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Jennifer Stewart wrote:

Hi, guys —

  • Why is the Catholic faith so exclusive?

Non-Catholics cannot be wed in a Catholic Church and non-Catholics are not allowed to participate in Holy Communion.

  • Shouldn't we be open to other forms of Christianity in order to spread the true Word of God?


  { Why is the Catholic faith so exclusive to non-Catholics and other forms of Christianity? }

Mike replied:

Hi Jenn,

You said:

  • Why is the Catholic faith so exclusive?

Because truth is exclusive and the Catholic Church is a truth-telling Church on issues of faith and morals.

You said:
Non-Catholics cannot be wed in a Catholic Church

This is not true; it is possible, but it has it's challenges.

What you are referring to is either a mixed marriage or disparity of cult. This is what the Catechism says.

Mixed marriages and disparity of cult

1633 In many countries the situation of a mixed marriage (marriage between a Catholic and a baptized non-Catholic) often arises. It requires particular attention on the part of couples and their pastors.

A case of marriage with disparity of cult (between a Catholic and a non-baptized person) requires even greater circumspection.

1634 Difference of confession between the spouses does not constitute an insurmountable obstacle for marriage, when they succeed in placing in common what they have received from their respective communities, and learn from each other the way in which each lives in fidelity to Christ. But the difficulties of mixed marriages must not be underestimated. They arise from the fact that the separation of Christians has not yet been overcome. The spouses risk experiencing the tragedy of Christian disunity even in the heart of their own home. Disparity of cult can further aggravate these difficulties. Differences about faith and the very notion of marriage, but also different religious mentalities, can become sources of tension in marriage, especially as regards the education of children. The temptation to religious indifference can then arise.

1635 According to the law in force in the Latin Church, a mixed marriage needs for liceity the express permission of ecclesiastical authority.

In case of disparity of cult an express dispensation from this impediment is required for the validity of the marriage. (cf. Code of Canon Law, canon 1124, 1086) This permission or dispensation presupposes that both parties know and do not exclude the essential ends and properties of marriage; and furthermore that the Catholic party confirms the obligations, which have been made known to the non-Catholic party, of preserving his or her own faith and ensuring the baptism and education of the children in the Catholic Church. (cf. Code of Canon Law, canon 1125)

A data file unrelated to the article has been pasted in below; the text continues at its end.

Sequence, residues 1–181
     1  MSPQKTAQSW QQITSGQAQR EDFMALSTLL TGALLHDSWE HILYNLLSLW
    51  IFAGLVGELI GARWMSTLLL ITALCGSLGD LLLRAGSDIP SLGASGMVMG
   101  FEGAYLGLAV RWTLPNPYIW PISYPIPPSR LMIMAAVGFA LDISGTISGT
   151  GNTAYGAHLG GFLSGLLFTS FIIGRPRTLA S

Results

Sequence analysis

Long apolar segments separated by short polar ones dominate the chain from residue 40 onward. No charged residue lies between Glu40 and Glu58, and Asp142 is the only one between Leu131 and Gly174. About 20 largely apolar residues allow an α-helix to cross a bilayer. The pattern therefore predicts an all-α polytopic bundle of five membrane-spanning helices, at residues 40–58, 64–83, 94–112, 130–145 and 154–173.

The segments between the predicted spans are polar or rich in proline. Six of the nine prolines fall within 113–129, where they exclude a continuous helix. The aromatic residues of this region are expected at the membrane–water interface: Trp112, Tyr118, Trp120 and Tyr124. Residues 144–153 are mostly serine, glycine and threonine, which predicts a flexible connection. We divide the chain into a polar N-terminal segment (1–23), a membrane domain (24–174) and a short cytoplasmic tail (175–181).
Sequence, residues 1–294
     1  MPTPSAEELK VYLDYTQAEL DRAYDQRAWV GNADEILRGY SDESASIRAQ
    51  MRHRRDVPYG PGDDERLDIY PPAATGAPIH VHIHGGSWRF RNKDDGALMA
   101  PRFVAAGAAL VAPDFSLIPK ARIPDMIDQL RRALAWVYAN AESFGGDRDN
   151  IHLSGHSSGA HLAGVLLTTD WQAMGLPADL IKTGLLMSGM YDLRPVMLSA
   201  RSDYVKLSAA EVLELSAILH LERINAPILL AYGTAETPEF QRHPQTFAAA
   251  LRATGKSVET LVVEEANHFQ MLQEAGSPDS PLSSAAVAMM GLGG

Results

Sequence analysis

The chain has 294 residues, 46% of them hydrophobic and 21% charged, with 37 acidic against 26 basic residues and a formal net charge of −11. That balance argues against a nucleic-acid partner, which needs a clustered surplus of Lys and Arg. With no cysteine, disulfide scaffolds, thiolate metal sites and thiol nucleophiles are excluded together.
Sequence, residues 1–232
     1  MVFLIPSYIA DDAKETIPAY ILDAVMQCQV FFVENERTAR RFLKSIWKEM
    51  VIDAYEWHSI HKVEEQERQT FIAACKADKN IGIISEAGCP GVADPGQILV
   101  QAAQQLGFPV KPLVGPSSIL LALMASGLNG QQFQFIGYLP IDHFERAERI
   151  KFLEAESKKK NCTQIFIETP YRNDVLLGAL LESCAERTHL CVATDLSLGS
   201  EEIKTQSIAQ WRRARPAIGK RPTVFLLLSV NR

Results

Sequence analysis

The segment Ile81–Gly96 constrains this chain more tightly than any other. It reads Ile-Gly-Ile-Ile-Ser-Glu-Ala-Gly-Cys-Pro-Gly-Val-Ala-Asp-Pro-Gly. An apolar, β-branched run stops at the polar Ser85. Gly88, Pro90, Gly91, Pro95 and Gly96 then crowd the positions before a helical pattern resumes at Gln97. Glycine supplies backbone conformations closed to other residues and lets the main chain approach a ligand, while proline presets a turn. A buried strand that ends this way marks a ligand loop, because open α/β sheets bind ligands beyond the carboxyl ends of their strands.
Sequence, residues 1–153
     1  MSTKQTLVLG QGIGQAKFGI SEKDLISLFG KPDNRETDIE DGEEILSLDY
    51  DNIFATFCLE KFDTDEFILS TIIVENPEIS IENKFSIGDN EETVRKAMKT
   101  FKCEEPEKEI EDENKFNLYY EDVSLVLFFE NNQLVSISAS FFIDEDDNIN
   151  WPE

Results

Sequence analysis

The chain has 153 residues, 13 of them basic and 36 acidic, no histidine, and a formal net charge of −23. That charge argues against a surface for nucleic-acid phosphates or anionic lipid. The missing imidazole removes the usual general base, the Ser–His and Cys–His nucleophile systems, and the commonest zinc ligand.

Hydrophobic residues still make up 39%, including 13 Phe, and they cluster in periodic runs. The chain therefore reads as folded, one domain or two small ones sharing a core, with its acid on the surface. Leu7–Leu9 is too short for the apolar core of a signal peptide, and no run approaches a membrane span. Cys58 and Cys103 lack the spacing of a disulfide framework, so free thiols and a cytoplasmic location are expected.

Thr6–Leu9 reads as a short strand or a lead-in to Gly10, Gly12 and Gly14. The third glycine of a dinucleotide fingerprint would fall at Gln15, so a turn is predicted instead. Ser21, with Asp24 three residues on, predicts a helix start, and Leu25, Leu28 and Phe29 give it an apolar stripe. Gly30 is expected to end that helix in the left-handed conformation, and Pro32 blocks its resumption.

1636 Through ecumenical dialogue Christian communities in many regions have been able to put into effect a common pastoral practice for mixed marriages. Its task is to help such couples live out their particular situation in the light of faith, overcome the tensions between the couple's obligations to each other and towards their ecclesial communities, and encourage the flowering of what is common to them in faith and respect for what separates them.

1637 In marriages with disparity of cult the Catholic spouse has a particular task: "For the unbelieving husband is consecrated through his wife, and the unbelieving wife is consecrated through her husband." (1 Corinthians 7:14) It is a great joy for the Christian spouse and for the Church if this "consecration" should lead to the free conversion of the other spouse to the Christian faith. (cf. 1 Corinthians 7:16) Sincere married love, the humble and patient practice of the family virtues, and perseverance in prayer can prepare the non-believing spouse to accept the grace of conversion.

What I italicized in paragraph 1634 is especially true for couples that feel very strong about their beliefs like a practicing Catholic and a militant atheist. Faith issues should be resolved early, before marriage and having children.

You said:
and non-Catholics are not allowed to participate in Holy Communion.

Yes! Because they don't believe what Catholic Christians believe about Holy Communion — that we receive the Body and Blood of Jesus Christ under the appearance of wheat bread and grape wine. When we are in communion with Our Lord at Mass, we are also saying we are in communion with the teachings of His Church. A Protestant can't say they are in communion with the teachings of the Church.

If there is a non-Catholic that does believe, what we believe, they should seriously consider being a Catholic Christian. We are one of very few Churches that offer the Real Presence. They can just make an appointment with the local priest or pastor at their nearest Catholic parish.

You said:

  • Shouldn't we be open to other forms of Christianity in order to spread the true Word of God?

Sure we should, but we should do so without compromising our teachings and what we believe as practicing Catholics. (Different Protestant denominations define "the Word of God" differently than the Catholic Church does.) As I cardinal in Rome put it:

The most ecumenical thing a Catholic can do is be unmistakably Catholic!

What other forms of Christianity believe about Jesus and the one Church He founded on St. Peter and his successors is usually far different than what we believe as Catholic Christians.

The Eastern Orthodox and similar religions are the closest to us in faith.

I hope this helps,


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